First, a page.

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J Antimicrob Chemother. 2009 Nov;64(5):1080-6. doi: 10.1093/jac/dkp322. Epub 2009 Sep 2.

Pharmacokinetics and 48 week efficacy of low-dose lopinavir/ritonavir in HIV-infected children.

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  • 1HIV Netherlands Australia Thailand Research Collaboration (HIV-NAT), Bangkok, Thailand.



Lopinavir/ritonavir is a common protease inhibitor (PI) used for second-line regimens in children. Several studies have shown higher plasma concentrations of antiretroviral agents in Thai adults than in Caucasians, suggesting that lower doses may be used.


An open label study in 24 HIV-infected children between the age of 2 and 18 years, naive to PIs, randomized to receive either the WHO-recommended dose of lopinavir/ritonavir or a low dose (70% of the standard dose) twice daily in combination with zidovudine and lamivudine. A 12 h pharmacokinetic study was done at 4-6 weeks after starting treatment. Treatment outcomes were evaluated at week 48. The clinical trial number of the study is NCT00887120.


The medians [interquartile ranges (IQRs)] of age, body surface area, percentage CD4 and plasma HIV RNA were 9.5 years (7.0-12.3), 0.9 m(2) (0.8-1.1), 17% (11%-24%) and 4.6 log(10) copies/mL (4.1-4.9), respectively. The median (IQR) lopinavir dose was 279 mg/m(2)/dose (263-294) and 194 mg/m(2)/dose (176-206) in the standard and low-dose arms, respectively. Median (IQR) AUC(0-12) and C(trough) of lopinavir were 117.6 mg.h/L (74.0-128.5) and 4.9 mg/L (2.7-8.0) for the standard arm and 83.8 mg.h/L (56.0-112.9) and 3.4 mg/L (2.7-5.4) for the low-dose arm. One child in the low-dose arm had a lopinavir pre-dose level of <1.0 mg/L. At week 48, the median percentage CD4 was 22% (15%-28%) and 27% (21%-31%) in the standard and low-dose arms, respectively, while 50% and 83% of children had HIV RNA <50 copies/mL, respectively (P = 0.19).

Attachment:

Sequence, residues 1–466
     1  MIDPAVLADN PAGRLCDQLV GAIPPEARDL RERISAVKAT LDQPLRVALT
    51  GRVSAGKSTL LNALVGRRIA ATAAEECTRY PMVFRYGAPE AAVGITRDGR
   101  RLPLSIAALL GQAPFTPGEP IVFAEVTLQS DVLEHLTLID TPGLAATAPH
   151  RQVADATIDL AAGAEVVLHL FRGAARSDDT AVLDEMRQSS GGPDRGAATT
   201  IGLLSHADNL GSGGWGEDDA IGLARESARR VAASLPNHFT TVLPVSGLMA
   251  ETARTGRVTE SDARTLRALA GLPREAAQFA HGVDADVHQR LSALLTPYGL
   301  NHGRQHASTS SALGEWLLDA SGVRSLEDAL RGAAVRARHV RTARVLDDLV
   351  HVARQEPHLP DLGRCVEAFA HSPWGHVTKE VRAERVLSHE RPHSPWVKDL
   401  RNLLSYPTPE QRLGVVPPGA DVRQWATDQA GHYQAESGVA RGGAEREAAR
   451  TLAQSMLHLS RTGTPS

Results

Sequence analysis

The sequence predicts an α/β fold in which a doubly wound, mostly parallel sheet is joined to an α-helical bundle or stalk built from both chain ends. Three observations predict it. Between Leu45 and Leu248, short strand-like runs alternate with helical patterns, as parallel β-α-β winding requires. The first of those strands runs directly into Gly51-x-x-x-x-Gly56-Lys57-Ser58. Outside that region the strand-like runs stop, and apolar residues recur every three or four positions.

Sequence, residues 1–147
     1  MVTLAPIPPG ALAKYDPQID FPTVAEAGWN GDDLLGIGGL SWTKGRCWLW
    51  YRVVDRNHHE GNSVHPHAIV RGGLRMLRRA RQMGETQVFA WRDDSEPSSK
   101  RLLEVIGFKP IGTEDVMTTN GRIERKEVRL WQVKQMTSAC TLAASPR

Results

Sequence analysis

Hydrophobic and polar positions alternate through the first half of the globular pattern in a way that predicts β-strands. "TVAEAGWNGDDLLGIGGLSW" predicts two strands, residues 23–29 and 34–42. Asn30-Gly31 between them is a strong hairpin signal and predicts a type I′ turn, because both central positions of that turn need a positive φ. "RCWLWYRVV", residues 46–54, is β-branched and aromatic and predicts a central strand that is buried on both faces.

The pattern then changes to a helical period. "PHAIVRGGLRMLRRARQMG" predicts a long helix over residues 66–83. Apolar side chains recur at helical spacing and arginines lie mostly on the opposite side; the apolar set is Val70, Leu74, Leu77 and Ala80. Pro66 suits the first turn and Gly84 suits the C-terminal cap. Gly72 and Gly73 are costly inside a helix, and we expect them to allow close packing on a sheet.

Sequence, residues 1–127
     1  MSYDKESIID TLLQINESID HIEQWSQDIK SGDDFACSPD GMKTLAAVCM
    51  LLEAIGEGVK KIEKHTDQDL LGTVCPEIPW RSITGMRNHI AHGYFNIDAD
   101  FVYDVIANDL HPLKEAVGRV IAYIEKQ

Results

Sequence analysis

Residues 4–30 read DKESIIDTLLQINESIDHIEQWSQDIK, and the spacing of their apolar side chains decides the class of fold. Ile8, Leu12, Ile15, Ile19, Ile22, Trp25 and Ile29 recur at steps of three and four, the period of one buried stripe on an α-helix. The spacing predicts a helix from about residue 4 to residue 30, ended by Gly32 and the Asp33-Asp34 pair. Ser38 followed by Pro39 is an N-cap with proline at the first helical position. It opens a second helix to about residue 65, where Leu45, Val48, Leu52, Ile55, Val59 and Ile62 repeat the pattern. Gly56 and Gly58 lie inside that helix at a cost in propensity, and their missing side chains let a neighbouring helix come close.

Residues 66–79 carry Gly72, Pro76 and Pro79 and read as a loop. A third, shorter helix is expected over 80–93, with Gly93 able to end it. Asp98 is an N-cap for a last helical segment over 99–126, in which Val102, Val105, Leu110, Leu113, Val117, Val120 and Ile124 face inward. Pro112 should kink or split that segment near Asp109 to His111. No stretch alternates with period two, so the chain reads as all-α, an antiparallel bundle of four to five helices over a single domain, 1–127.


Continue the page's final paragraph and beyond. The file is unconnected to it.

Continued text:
Low-dose lopinavir displayed adequate pharmacokinetic parameters and good efficacy as compared with standard-dose lopinavir in Thai children. A larger study to investigate the efficacy of low-dose lopinavir is warranted.

[PubMed - indexed for MEDLINE]
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